By Michael Townsend
Like many places, the IHR has had to temporarily shut its physical doors to staff, students and visitors in response to the Covid-19 pandemic. This does not diminish our commitment, however, to serving communities worldwide with a shared passion for historical research. Our digital doors are still open.
To give a handful of examples, the IHR Fellows’ Seminars are now conducted online as well as a growing number of seminars for this term. Also, if you are free on Wednesday afternoon, a ‘Shut Up and Write!’ session takes place over Zoom. Moreover established research resources such as Layers of London and British History Online (all material free to individual users until the 30 September) continue to provide access to cartographic and textual research material as well as staging workshops.
Among all this activity, in April teams across the IHR, including the library, IHR Digital and the Centre for the History of People, Place and Community, compiled and published a new directory, the ‘Open and Free Access Material for Research’ guide. In the absence of access to the IHR’s physical library collections (as well as most other research libraries and archives) it is the intention of this guide to consolidate on one page as many of the growing number of freely available historical research materials available.
And since its launch we are heartened by the positive feedback we have received from academics, students and private researchers. Also we have welcomed the many suggestions of further resources to be included on the guide. Among the recent additions are links to the Extensive Urban Surveys project as well as three new sections devoted to resources on African, LGBTQ+ and rural history.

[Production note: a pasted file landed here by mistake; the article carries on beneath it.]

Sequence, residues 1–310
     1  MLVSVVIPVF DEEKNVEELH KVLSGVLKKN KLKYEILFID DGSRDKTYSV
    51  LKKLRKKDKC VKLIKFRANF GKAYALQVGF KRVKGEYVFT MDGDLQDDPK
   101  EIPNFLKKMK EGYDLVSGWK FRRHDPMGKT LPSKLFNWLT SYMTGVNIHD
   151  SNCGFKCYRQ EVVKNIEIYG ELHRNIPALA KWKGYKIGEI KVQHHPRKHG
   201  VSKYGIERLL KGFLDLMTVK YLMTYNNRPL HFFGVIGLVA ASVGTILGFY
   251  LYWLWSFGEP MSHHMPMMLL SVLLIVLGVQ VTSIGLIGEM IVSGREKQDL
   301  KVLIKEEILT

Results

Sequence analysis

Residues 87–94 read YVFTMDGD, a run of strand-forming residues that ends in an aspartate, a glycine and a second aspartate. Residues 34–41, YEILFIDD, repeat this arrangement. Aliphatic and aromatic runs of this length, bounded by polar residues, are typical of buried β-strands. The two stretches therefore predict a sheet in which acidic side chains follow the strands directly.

A Structure Emerges
The rapid growth of the guide is welcoming. Understandably though we do not want it to become too cumbersome to use. Therefore as new resources and sections are added a structure has begun to emerge.
- Introduction. The first section works as a general introduction.
- General. The next group of sections covers general resources. Included here are general, online secondary and primary resource collections, as well as online finding aid, bibliographies and archive guides. Some of the works you can find in this group include the British Library’s Endangered Archives Programme, the Hathi Trust digitised book library and BNF Gallica.
- Period. The next group of four sections are grouped chronologically, starting with late Antiquity to the present day. Some period specific resources here include Epistolæ: Medieval Women’s Letters, the French Revolution Digital Archive and the Windrush Stories project.
- Theme. Next comes a growing section of thematic sections arranged alphabetically. At present only three are on the guide (local history, LGBTQ+ history and rural and agricultural history) where you can find resources like the Great Irish Famine Online, selected, digitised items from the ONE National Gay and Lesbian Archives and the work done by the Cambridge Group for the History of Population and Social Structure. More sections will follow.
- Place. This group will include resources centred on a specific regions. At present here you can find resources on African history mainly concentrating at present on the 18th to the 20th century like the African Online Digital Library, British Documents on the End of Empire and the African Activist Archive. More geographic specific sections will be added in the near future.
- Media. The final section includes resources on among other subjects as oral history (e.g., the Essex Sound and Video Archive), online art and photographic archives (e.g., the TimePix photographic archive of post-war Greater Manchester), maps (e.g. selections from the National Library of Scotland map collection) and newspapers (e.g. the Library of Congress’s Chronicling America project)
Hopefully this has whetted your appetite to explore this new directory. However you can also contribute. If you have any suggestions contact us via the links below.
Michael Townsend is Collections and Metadata Librarian at the Institute of Historical Research. Follow him @MichaelRTownsend